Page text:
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Family Owned Shamin Hotels Opens its Flagship, the $48 million,
254-room Hilton Richmond Hotel & Spa

By Peter Bacque, Richmond Times-Dispatch, Va.McClatchy-Tribune Regional News

November 16, 2009 --Until P.C. Amin came to Richmond, he'd never stayed in a hotel.

Now the Indian-born entrepreneur and his family own 37 of them -- making Amin the largest hotelier in central Virginia and one of the largest independent owners in Virginia.

In the past year alone, Amin has invested $178 million to open 10 hotels in metro Richmond.

His Shamin Hotels Inc. has assets of $600 million in Virginia, North Carolina and Maryland, and employs 1,000 people.

"I love to build," Amin said in a recent interview in his Chester office. "I love to do bigger and better projects."

On Dec. 1, his family-owned Shamin Hotels will open its new flagship property, the $48 million, 254-room Hilton Richmond Hotel & Spa near the Short Pump Town Center in western Henrico County.

The 246,000-square-foot hotel will offer more than 22,000 square feet of meeting space, including a ballroom able to accommodate 1,300 people.

"That hotel will be a milestone for this company," the 64-year-old Amin said. "But I would not say that's it."

Amin envisions owning 100 hotels, and expanding along the East Coast into the Washington and Baltimore markets and, eventually, going international with hotels in London, Mumbai and Bangkok.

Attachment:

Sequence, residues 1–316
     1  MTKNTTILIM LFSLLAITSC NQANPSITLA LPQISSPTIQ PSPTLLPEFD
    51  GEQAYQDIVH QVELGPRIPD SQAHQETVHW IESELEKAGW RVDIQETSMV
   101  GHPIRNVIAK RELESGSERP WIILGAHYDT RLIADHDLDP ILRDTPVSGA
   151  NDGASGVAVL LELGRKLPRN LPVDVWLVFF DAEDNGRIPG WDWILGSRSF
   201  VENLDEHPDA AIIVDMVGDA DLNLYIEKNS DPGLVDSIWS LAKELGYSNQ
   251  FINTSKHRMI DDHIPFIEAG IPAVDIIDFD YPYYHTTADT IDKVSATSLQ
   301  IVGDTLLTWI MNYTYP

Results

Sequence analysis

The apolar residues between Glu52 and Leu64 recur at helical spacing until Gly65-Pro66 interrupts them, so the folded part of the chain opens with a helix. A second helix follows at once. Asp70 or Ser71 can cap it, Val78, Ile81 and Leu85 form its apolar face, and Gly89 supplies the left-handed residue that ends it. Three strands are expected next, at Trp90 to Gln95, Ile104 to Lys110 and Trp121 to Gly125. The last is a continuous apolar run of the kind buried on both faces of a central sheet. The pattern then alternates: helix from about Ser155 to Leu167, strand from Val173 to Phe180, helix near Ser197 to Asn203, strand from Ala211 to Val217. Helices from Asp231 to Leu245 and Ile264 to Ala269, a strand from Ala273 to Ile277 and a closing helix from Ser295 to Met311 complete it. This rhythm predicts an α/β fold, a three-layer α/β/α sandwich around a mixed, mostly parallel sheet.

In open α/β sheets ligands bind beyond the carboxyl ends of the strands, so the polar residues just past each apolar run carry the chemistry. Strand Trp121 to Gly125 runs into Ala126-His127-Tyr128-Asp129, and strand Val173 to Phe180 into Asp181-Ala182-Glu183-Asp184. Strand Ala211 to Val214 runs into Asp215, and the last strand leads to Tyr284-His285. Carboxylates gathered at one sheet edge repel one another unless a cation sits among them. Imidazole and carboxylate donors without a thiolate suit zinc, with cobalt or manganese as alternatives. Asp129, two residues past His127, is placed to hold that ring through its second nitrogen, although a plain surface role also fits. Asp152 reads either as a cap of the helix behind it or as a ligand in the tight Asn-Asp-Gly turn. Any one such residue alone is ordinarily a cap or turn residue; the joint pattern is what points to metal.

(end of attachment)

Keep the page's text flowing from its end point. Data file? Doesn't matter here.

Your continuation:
Even though the lodging industry has taken a beating during the recession, Shamin is still profitable, he said.

"We are going to be very, very successful, if not in the next six months, by 2011 we will be," he said.

Paradoxically, the hands-on hotelier said, "I don't like to travel. I don't like to have a hotel in a place where I don't have say-so."

Amin's success is grounded in having a good eye for locations, carefully controlling costs but spending for quality, and being willing to work single-mindedly toward his goals.

"He's . . . the American success story," said Jack Berry, president and CEO of the Richmond Metropolitan Convention and Visitors Bureau.

Amin has done well because of his "great work ethic, customer service and delivering product where there's a huge need," Berry said. "He's put hotels where they weren't."

"Like any good developer in any market, he seems -- whether it's an inherent sense or he's just been paying attention -- to know that 'this area, even if it's sleepy now, will be vibrant,'" agreed Mike Horgan, regional director of franchise sales and development with InterContinental Hotels Group PLC, which owns seven hotel brands, including InterContinental, Crowne Plaza, Holiday Inn, Holiday Inn Express and Candlewood Suites.

"He's been able to identify those well out front of everybody else," Horgan said.

"Every location I have has great accessibility, great visibility," Amin said. "And I go with the best brand. Then you've done everything right, and your job is easier."

The son of a farming family in a small Indian village, Amin came to the United States in 1970 out of economic desperation, he said.

He got a master's degree at the University of Utah and found an engineering job with the Virginia Department of Transportation. But he had become restless working for government when, in 1978, he visited a fellow countryman who owned a small hotel in Fredericksburg.